Gardeners can't always rely solely on the calendar to tell them when it's time to plant, especially when it comes to measuring the temperature of the soil. Plants that are started in cold soils may grow slowly, develop poorly, or succumb to disease-IF they ever get off the ground at all! Here's what you need to know about soil temperature and the adverse affects that too-cool soils can have on your plants.
Life is fragile, so seeds are fussy. They are happy to put forth the extraordinary effort needed to produce a plant, providing of course, that the conditions are just right. Soil temperature, light, and moisture all work together to trigger seed germination. When the soil is cold, the seed may not germinate in the ground. If it does, it may be weak and lack the strength and vigor needed to develop properly, and may be at greater risk of succumbing to pests and disease.
Heat is the catalyst for many biological processes. When soil temperatures are low (and biological processes slow), certain nutrients are made unavailable or less available to plants. This is particularly true in the case of phosphorus, which is largely responsible for promoting the development of roots and fruit in plants. So, no heat = less nutrients = poor growth.
The answer to this depends on what type of seeds you are trying to germinate and/or what type of plants you are trying to grow. Most cool season vegetable crops will germinate when soil temperatures reach the mid-40's to mid 50's. They grow best when in daytime air temperatures of between 60-80 degrees F. Warm season vegetables crops prefer soil temperatures in the mid 50's to mid 60's for germination and need summer-like air temperatures (70-95 degrees F) to achieve optimal growth.
Many extension agencies websites and gardening books include charts listing both the minimum and optimum temperature ranges for vegetable seed germination and growth. Here is an example from the Alabama Cooperative Extension System: www.aces.edu
Flower seeds have soil temperature preferences, too. Check the back of seed packets for specific instructions.
An easy way to take the guesswork out of calculating soil temperatures is to use a soil thermometer. From the low-tech dial probes to thermometers with high-tech digital read-outs and automatic shut-off features, most hardware stores and garden centers carry them. Probe thermometers are designed to fit easily into your shirt pocket and are inexpensive ($7-$10). These will work just fine for most gardeners. Keep in mind that some thermometers do not give readings past 140 degrees F, so if you want a thermometer that will also read the temperature of your compost pile, look for one with a range that exceeds 160 degrees F.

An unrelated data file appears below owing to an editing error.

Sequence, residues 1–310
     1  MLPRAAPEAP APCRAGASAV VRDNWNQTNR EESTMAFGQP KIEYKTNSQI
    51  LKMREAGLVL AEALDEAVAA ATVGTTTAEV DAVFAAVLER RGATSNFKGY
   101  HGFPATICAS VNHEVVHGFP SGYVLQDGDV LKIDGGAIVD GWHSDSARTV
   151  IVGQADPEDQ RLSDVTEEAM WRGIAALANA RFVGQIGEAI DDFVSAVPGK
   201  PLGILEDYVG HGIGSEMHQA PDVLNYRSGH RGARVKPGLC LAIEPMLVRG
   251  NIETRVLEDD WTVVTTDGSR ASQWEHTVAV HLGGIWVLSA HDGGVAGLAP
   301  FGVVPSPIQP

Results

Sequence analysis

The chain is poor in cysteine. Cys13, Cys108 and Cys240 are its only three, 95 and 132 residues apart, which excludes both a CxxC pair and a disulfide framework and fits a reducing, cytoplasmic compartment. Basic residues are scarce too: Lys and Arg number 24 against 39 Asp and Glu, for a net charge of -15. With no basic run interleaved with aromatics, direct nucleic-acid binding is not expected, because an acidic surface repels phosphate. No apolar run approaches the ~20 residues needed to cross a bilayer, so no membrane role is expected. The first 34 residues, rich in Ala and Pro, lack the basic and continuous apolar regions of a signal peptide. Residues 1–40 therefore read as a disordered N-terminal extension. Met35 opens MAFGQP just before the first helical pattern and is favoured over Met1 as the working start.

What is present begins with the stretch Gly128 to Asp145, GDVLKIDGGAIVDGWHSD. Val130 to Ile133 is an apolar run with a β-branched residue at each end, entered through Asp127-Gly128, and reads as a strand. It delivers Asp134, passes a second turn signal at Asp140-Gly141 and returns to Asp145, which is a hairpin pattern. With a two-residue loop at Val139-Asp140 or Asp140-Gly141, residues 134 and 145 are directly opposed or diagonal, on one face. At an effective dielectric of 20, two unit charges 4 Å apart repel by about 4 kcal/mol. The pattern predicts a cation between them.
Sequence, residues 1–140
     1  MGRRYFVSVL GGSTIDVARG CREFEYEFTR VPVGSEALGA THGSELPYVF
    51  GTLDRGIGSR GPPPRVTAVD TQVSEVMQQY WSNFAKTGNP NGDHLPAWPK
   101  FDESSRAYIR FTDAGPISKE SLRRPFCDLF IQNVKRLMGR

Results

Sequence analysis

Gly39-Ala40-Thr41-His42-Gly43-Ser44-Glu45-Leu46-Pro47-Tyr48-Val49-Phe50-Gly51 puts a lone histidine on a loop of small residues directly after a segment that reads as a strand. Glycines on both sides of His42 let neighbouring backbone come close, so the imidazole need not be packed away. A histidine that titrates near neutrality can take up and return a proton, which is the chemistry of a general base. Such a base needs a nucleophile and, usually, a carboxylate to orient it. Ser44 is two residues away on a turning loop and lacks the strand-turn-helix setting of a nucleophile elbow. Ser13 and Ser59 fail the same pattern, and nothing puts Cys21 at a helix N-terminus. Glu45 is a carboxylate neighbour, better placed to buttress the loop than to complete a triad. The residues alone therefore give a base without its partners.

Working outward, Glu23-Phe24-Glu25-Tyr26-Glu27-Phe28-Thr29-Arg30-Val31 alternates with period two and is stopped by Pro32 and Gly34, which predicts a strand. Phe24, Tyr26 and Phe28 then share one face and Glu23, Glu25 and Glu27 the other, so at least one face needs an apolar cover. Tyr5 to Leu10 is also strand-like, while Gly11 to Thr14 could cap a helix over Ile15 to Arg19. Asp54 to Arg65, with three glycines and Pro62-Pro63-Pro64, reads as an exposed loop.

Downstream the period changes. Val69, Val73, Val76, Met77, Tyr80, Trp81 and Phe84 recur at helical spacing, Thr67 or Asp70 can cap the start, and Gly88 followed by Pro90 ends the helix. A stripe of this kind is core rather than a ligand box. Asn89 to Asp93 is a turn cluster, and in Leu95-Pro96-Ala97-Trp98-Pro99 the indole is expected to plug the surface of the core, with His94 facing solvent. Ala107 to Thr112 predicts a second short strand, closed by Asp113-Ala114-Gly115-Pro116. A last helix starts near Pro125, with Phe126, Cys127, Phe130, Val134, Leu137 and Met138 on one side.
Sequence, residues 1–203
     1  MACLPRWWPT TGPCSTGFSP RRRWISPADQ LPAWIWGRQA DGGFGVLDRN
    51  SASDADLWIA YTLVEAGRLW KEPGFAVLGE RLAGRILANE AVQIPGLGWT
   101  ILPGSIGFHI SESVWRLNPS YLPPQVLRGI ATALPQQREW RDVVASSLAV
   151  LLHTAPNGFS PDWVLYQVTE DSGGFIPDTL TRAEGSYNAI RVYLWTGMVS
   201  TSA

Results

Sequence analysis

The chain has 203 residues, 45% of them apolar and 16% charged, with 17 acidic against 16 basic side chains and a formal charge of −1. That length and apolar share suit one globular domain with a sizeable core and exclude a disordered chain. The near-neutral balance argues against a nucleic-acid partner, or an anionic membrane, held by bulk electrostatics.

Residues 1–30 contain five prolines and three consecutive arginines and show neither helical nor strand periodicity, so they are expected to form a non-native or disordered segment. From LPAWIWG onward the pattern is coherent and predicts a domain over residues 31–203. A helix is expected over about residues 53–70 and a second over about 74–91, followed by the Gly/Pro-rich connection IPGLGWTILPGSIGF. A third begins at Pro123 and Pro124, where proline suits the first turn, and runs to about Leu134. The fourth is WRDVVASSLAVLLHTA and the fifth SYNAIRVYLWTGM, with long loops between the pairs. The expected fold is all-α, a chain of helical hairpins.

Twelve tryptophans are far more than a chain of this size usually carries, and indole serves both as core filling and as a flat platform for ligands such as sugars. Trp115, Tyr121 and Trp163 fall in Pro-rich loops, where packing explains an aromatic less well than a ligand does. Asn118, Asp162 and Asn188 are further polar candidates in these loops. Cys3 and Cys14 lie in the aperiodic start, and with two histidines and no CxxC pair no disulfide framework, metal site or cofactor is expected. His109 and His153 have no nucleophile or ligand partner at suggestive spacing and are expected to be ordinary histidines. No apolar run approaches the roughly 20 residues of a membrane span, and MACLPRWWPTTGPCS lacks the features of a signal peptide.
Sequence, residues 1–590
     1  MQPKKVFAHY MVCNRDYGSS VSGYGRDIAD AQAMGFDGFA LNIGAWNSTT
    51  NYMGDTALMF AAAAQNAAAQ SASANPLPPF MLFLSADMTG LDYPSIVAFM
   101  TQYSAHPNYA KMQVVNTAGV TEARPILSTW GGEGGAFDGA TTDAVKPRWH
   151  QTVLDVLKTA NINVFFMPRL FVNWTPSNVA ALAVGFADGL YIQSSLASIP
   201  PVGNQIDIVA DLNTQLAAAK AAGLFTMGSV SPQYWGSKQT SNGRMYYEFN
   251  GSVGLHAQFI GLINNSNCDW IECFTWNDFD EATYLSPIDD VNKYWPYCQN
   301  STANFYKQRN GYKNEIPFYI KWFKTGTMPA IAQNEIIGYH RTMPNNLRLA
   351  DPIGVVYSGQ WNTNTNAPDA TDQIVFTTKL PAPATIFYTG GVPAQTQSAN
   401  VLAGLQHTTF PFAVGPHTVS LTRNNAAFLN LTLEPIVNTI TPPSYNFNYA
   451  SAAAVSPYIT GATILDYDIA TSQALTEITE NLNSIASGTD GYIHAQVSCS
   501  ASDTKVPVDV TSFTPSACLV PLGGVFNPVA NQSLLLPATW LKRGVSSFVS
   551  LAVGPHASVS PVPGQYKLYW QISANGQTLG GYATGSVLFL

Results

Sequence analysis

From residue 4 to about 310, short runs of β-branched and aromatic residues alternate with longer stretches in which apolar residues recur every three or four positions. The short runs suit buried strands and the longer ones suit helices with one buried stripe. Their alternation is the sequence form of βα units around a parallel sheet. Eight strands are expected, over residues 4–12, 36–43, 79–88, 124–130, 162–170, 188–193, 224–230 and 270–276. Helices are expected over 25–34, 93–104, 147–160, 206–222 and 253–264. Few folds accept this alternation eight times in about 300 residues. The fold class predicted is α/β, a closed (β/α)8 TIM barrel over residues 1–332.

To take a reading, simply insert the probe into the soil to the appropriate depth--2 inches for small seeds and early season crops, and 4 inches for warm season vegetables like tomatoes. Leave it there for at least 5 minutes before checking the results. Readings should be taken over a period of days, in different locations throughout the garden. Use a journal to record how the temperatures fluctuate daily and which part of your garden warms up first. This will help you when its time to plan next year's garden. Once the temperatures stay at the desired level for 3 days in a row, it is safe to plant.
Mother Natures takes her own sweet time to warm up soil temperatures in the spring. To speed up the process and avoid problems, gardeners can do several things:
About The Author: Ellen Brown is an environmental writer and photographer and the owner of Sustainable Media, an environmental media company that specializes in helping businesses and organizations promote eco-friendly products and services. Contact her on the web at http://www.sustainable-media.com
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